Simulation And Inference For Stochastic Processes With Yuima - Iacus Stefano M.; Yoshida Nakahiro | Libro Springer 06/2018 - HOEPLI.it


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iacus stefano m.; yoshida nakahiro - simulation and inference for stochastic processes with yuima

Simulation and Inference for Stochastic Processes with YUIMA A Comprehensive R Framework for SDEs and Other Stochastic Processes

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Dettagli

Genere:Libro
Lingua: Inglese
Editore:

Springer

Pubblicazione: 06/2018
Edizione: 1st ed. 2018





Sommario

Introduction

1.1 Overview of the project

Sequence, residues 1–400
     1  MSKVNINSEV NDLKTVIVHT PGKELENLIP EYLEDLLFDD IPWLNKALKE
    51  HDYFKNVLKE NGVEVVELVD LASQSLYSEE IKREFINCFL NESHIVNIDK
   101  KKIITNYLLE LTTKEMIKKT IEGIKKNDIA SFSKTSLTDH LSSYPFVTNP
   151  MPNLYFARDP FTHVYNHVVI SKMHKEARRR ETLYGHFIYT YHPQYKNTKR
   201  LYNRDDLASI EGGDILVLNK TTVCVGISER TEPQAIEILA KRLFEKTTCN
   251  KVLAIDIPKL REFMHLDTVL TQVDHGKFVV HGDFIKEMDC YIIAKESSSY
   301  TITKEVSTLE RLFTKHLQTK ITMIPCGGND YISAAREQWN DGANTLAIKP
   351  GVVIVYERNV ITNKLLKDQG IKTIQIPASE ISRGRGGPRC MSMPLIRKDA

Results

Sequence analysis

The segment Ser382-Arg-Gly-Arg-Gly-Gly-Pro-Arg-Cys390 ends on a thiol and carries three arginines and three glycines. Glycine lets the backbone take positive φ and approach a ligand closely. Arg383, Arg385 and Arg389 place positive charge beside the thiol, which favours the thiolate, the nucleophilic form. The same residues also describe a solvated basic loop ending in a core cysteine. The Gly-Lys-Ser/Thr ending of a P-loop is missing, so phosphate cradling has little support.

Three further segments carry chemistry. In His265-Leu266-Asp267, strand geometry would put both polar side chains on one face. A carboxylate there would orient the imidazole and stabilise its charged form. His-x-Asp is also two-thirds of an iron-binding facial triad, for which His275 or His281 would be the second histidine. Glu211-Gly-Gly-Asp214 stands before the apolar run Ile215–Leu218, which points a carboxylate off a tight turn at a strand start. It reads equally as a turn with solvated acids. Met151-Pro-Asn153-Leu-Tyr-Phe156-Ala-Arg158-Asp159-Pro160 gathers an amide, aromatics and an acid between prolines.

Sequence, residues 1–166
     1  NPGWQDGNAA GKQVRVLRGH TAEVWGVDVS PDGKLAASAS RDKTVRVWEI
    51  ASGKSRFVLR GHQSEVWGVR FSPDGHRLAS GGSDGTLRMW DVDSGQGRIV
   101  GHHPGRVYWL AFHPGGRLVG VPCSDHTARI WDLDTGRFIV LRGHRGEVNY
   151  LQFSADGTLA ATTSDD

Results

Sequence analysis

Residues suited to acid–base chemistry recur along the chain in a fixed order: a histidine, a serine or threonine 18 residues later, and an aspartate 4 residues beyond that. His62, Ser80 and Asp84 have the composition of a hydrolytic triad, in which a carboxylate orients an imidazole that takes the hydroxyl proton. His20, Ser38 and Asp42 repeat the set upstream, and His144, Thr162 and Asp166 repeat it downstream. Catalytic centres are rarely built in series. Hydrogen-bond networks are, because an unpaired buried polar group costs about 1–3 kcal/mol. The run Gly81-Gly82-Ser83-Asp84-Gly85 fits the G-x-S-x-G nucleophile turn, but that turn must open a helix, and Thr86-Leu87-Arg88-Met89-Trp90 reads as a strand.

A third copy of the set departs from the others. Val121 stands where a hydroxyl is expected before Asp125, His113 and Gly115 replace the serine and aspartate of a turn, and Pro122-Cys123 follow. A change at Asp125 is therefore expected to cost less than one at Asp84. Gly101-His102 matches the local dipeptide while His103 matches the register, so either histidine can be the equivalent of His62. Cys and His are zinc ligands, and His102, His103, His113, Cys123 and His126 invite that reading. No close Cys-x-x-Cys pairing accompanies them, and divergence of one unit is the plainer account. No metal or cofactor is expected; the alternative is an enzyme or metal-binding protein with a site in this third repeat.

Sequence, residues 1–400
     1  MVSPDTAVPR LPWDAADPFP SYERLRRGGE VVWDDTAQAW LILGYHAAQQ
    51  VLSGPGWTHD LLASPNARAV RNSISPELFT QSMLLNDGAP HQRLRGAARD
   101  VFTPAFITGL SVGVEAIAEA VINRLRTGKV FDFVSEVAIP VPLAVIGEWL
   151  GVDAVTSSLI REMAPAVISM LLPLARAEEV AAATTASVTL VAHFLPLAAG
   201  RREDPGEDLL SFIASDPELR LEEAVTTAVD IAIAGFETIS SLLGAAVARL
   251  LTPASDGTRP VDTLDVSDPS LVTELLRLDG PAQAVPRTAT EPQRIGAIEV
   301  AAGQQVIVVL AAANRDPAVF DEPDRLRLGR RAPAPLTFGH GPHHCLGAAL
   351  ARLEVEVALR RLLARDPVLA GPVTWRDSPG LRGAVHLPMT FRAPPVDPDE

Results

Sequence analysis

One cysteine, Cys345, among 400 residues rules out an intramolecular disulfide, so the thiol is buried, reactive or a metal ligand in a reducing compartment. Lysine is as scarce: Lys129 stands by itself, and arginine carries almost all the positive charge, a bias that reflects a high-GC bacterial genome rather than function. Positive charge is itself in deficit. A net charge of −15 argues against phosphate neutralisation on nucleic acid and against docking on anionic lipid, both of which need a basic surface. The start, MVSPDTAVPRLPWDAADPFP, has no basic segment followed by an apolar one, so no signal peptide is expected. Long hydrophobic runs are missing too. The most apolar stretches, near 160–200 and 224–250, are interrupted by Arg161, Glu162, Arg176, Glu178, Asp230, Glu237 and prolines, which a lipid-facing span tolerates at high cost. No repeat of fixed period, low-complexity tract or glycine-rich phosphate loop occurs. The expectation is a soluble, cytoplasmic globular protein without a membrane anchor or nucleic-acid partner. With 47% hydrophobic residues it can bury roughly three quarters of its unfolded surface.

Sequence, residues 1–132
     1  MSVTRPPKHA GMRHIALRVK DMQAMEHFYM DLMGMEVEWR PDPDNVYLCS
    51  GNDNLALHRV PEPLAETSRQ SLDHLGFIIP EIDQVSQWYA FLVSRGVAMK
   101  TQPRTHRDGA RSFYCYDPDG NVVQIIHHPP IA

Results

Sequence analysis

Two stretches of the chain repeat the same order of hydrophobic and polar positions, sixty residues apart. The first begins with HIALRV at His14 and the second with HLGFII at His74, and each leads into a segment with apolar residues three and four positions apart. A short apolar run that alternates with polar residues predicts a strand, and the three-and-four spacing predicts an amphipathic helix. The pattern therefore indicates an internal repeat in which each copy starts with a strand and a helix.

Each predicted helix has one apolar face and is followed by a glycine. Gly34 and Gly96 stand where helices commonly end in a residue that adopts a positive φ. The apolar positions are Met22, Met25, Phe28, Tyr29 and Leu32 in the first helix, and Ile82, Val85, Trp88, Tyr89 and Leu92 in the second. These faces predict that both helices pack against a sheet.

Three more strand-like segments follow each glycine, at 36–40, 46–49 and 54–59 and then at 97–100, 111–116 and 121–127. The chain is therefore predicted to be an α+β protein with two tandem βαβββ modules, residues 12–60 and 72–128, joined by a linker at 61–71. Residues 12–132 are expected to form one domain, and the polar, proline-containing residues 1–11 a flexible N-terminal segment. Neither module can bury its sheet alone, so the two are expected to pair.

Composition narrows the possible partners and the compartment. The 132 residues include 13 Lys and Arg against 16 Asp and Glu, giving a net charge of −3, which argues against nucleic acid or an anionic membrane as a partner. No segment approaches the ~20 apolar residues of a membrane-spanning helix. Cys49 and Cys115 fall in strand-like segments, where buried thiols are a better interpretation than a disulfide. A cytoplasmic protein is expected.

1.2 Who should read this book?

1.3 Structure of the book

1.4 How to get the R code for this book

1.5 Main contribution to the Yuima package

1.6 Further developments of Yuima Package

1.7 Things to know about R

1.7.1 How to get R

1.7.2 R and S4 objects

1.8 The yuima package

1.8.1 How to obtain the package

1.8.2 The main object and classes

1.8.3 The yuima.model class

1.9 On model specification

1.9.1 Basic model specification

1.9.2 User-specified state and time variables

1.9.3 Specification of parametric models

1.10 Basic facts on simulation

1.10.1 Customization of simulation arguments

1.10.2 Simulation of models with user-specified notation

1.10.3 Simulation of parametric models

1.11 Sampling and simulate

1.11.1 Sampling and subsampling

1.12 How to make data available into a yuima object

1.12.1 Getting data from data providers

1.13 How to extract data from a yuima object